A federal judge in California on Monday approved a request to transfer Tad Cummins back to Tennessee, where he’ll face charges of kidnapping a teen-age girl
Cummins, 50, and 15-year-old Elizabeth Thomas disappeared in March for five weeks but were found last week.
The Tennessee teacher was arrested Thursday and the teen was recovered in Northern California after a nationwide search.
Cummins, who appeared at an arraignment in Sacamento, walked into court wearing an orange prison jumpsuit that said “Sac Co prisoner” and he was shackled with a chain around his waist.
He didn’t say a word aloud and listened intently to Magistrate Judge Kendall Newman.
Cummins turned his head toward the prosecutor, who argued he was a danger and a flight risk. The US attorney said two guns were found in Cummins’ vehicle.
Benjamin Galloway was appointed as his public defender in California. Galloway said his client was not a dangerous flight risk because the allegations against him do not include threats or coercion and that this is “not an abduction or kidnapping.”
Galloway said his client looks forward to going to Tennessee as soon as possible to fight the charges against him.
Cummins was read the federal charge against him: transportation of a minor across state lines for the purpose of criminal sexual intercourse. The charge carries a minimum of 10 years. The maximum is life. The fine is up to $50,000.
Getting back to normal
Elizabeth is safe and working to return to a normal life.
Friends and family are gently interacting with and approaching her as she copes with the aftermath of her ordeal, her sister told a CNN affiliate.
“It’s a long, long road ahead of us,” Kat Bozeman told WKRN in Tennessee.
“What do you say in these circumstances? You want to ask so many things, but then you know that’s not what she needs. You’re speechless,” Bozeman said. “You don’t know what to say, because she’s been through something very traumatic.”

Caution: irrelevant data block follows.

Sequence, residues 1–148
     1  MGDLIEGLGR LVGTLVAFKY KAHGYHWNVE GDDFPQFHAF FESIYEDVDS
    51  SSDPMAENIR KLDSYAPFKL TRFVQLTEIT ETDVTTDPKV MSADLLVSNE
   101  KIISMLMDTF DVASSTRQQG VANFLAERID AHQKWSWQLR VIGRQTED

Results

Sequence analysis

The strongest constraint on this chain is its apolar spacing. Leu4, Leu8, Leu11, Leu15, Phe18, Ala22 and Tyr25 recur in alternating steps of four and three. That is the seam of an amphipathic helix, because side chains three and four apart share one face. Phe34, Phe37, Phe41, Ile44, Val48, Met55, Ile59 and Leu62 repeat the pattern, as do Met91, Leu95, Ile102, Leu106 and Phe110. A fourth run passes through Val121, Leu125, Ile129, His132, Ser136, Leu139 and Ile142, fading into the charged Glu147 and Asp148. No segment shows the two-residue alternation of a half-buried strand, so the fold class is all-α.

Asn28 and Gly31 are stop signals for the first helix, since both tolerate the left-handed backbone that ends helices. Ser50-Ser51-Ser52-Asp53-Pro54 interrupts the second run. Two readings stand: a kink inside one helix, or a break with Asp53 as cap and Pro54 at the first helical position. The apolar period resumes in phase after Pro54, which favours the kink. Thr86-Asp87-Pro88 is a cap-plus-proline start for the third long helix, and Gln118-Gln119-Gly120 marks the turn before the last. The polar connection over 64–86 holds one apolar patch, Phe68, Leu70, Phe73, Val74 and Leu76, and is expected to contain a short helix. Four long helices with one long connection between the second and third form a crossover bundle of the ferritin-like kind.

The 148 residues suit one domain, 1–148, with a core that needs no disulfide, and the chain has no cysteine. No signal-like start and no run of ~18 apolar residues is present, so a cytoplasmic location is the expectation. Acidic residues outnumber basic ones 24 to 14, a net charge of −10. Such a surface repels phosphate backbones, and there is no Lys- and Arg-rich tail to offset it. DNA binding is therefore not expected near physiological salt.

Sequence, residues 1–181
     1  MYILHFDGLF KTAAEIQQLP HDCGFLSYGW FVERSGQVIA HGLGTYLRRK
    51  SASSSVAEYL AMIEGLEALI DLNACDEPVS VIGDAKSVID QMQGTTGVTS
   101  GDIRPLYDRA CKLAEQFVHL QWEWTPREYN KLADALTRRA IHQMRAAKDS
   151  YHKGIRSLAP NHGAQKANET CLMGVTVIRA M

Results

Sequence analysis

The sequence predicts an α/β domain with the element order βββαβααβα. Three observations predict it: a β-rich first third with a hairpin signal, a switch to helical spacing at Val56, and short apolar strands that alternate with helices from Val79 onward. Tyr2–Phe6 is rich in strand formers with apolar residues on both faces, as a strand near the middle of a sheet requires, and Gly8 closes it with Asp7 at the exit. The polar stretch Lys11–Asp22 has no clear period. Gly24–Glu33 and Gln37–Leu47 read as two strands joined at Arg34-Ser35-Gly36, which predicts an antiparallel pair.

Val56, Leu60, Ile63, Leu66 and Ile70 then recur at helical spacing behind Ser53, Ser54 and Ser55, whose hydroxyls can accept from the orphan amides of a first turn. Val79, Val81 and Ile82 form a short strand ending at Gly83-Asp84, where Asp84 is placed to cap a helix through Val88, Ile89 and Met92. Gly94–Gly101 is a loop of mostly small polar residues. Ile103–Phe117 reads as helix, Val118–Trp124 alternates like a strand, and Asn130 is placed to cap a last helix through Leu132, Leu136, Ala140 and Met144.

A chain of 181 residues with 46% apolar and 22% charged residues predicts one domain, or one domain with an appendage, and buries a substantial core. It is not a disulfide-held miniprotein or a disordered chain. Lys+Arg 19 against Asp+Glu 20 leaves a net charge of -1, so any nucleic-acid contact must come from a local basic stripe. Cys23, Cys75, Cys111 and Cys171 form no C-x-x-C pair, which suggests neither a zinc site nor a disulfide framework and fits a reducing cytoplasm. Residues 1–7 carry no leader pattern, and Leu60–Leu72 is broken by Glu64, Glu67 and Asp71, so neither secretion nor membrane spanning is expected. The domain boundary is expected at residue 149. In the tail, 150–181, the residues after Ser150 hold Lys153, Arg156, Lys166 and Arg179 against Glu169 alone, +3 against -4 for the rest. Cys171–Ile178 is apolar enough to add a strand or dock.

‘Roller coaster’ for family
Bozeman was reunited with her sister on Friday. She said Elizabeth is in a mental health facility where she is being treated. She said she spends a lot of time with a therapist and visitation with family and friends is limited.
The last few days have been emotional, Bozeman said, describing the time as a “roller coaster.” There hasn’t been much discussion about the ordeal itself.
“She told us she didn’t have access to telephone, Internet, any electronic devices. There was not availability to food all the time, is the understanding. Obviously, we are really trying not to press her, because it’s really traumatic for her to remember all of these things,” Bozeman said.
But her sister is “very happy” and pleased to eat food, drink coffee and shower.
“She was abducted and she’s grateful to be home,” she said.
‘I’m glad this is over’
Cummins also faces state charges of sexual contact with a minor and aggravated kidnapping, the Tennessee Bureau of Investigation said last month.
Under Tennessee law, children 12 and older can choose to leave home unless under “force, threat or fraud.”
When he was captured, Cummins, 50, told deputies, “I’m glad this is over.”
The incident began March 13, when Thomas, went missing in Culleoka, Tennessee. Cummins, too, was gone, after borrowing his wife’s Nissan Rogue and having recently filled prescriptions for erectile disfunction medicine and securing a $4,500 loan.
Surveillance images showed them at a Walmart in Oklahoma City on March 15.
They were found after staying at least a night in a remote cabin 2,500 miles from home near Cecilville, California, near the Oregon border. Cummins reportedly told the tipster who called police that the girl was his 22-year-old wife.